Is reuse an idea that's too good to be true? The idea of "build once, use often" has a lot of appeal for enterprises, and, as discussed many times in this blogspace, the first and foremost return on investment to be gained from SOA.
There has been a lot of buzz and money flowing into governance and registry/repository technologies as of late, all premised on the idea that reuse (and, I should add, sharing) would soon be the way of enterprise solutions.
However, David Chappell (the .NET guru David Chappell, that is) pours some cold water on this happy-talk scenario, observing that the "reuse" concept didn't work too well with object-oriented programming, and isn't working too well with SOA, either. Writing in the latest issue of his newsletter, Opinari, Chappell says reuse of business objects failed, simply because "despite heroic efforts from many IT managers, architects, and developers, the cultural and business barriers to reuse were just too great." He says that everyone he's spoken with is struggling with the reuse issue with SOA, which raises questions about the fundamental value of SOA:
"I’ve spent much of the last two years flying around the world talking with people about SOA. What I’ve heard from virtually all of them is that reuse of business logic is nearly as tough with services as it is with objects. Even Gartner is now saying that you should expect to reuse only a fraction of your services, maybe just 20% of them. Yet if service reuse is so limited, how much value will SOA really provide? If an organization reuses only one in five of its services, why is it building the other four? The one that does get reused had better provide significant value to make up for the cost of the four that sit idle."
Chappell puts it this way: "Creating services that can be reused requires predicting the future... how can a service’s creators accurately guess what future applications will need?" The 'If-you-build-it-they-will-come' approach is tough to turn into real reuse," he says. Plus, there are few, if any, organizational incentives to build a component that can be reused by other groups.
There are situations where reuse is working, Chappell points out. Integration is one such value point: "Anyone creating an application that must be accessed in different ways, such as by a JSP front end, a Windows Forms client, and a mobile device, might well find that building an application in a service-oriented style is an excellent idea. Letting these various clients access the application via common services will make life simpler for everybody."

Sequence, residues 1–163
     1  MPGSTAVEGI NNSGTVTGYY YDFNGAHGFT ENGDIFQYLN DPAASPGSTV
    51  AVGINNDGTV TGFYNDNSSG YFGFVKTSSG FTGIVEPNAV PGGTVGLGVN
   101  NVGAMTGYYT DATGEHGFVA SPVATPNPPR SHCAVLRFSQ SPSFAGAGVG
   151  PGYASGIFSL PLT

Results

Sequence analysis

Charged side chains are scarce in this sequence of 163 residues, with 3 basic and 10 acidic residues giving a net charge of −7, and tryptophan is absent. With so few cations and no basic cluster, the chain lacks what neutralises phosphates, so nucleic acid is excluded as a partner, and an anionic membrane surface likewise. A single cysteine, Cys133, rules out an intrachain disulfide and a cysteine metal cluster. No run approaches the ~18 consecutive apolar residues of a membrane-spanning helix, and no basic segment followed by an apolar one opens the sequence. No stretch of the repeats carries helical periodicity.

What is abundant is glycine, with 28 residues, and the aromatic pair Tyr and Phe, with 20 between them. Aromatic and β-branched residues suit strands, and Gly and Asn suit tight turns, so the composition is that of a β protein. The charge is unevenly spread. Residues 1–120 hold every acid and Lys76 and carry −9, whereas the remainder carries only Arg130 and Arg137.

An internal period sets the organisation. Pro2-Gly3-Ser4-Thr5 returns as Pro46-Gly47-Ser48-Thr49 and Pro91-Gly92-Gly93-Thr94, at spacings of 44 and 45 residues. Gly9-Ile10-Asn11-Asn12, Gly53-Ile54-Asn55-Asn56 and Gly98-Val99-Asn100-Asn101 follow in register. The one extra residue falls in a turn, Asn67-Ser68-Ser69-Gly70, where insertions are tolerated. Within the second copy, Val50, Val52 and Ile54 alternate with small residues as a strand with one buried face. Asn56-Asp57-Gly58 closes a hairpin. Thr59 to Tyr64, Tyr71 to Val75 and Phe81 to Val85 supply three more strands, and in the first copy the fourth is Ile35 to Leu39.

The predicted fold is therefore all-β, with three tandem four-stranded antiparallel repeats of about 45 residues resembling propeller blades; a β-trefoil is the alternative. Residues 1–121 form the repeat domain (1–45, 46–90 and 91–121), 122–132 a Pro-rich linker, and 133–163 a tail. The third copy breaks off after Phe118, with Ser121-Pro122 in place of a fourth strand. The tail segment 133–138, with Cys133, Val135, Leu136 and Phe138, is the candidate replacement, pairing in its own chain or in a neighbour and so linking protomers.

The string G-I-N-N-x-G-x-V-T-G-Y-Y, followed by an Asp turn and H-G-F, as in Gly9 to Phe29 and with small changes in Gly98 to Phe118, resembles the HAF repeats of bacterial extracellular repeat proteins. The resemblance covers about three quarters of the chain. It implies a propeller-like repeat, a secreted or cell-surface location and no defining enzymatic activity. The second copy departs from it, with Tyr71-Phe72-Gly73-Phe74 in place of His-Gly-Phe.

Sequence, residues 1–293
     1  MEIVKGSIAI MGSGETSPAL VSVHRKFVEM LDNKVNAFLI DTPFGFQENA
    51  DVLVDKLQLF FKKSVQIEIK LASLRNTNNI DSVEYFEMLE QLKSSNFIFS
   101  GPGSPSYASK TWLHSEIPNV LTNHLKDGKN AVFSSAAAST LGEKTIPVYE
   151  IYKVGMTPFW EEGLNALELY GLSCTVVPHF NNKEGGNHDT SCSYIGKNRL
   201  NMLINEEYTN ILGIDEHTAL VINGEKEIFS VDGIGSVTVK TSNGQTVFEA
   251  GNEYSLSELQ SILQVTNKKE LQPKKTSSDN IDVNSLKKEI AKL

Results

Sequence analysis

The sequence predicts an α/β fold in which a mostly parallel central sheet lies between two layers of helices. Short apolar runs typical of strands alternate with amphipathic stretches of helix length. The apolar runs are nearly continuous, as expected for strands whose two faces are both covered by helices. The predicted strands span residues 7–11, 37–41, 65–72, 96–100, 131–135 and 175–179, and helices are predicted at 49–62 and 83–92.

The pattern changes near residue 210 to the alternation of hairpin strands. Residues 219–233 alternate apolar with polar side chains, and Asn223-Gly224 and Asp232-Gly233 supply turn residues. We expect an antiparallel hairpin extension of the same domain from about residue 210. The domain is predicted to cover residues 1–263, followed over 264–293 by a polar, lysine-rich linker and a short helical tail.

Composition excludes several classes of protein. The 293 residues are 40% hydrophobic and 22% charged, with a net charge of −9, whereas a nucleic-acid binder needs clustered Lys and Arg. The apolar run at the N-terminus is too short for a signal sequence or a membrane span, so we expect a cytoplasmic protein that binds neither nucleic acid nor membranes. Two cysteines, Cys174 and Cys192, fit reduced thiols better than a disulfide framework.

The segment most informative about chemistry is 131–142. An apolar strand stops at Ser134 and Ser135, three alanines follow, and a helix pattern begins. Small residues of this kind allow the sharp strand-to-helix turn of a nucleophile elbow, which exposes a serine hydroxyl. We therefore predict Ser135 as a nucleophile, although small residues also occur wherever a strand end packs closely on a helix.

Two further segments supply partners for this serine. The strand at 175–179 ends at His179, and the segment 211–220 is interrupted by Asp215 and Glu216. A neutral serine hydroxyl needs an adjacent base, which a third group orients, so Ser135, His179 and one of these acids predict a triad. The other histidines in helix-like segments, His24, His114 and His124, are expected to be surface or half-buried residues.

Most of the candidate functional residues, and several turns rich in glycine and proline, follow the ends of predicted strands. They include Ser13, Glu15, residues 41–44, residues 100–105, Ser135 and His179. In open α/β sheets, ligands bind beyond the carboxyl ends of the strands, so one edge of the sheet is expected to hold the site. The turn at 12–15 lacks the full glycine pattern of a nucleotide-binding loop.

For reuse to work, Chappell says, companies need a corporate culture conducive to the sharing of innovation across departments, with "top management support, strong commitment, and diligent effort." How many companies are fortunate enough to have such visionary management and corporate culture?
A few thoughts here: Converging trends and business necessity -- above and beyond the SOA "vision" itself -- may help drive, or even force, reuse. SOA is not springing from a vacuum, or even from the minds of starry-eyed idealists. It's becoming a necessary way of doing business, of dispersing technology solutions as cost-effectively as possible. And, ultimately, providing businesses new avenues for agility, freeing up processes from rigid systems.
The world within and around enterprise technology is changing. Technology is growing increasingly sophisticated, and IT departments overburdened. Enterprises no longer have the time or resources to field numerous technology silos -- those days are over. There's no time to keep reinventing wheels. Plus, to add another Gartner observation, many parts of the IT function are evolving directly into business units themselves. When it comes to future technology, it's all about the enterprise.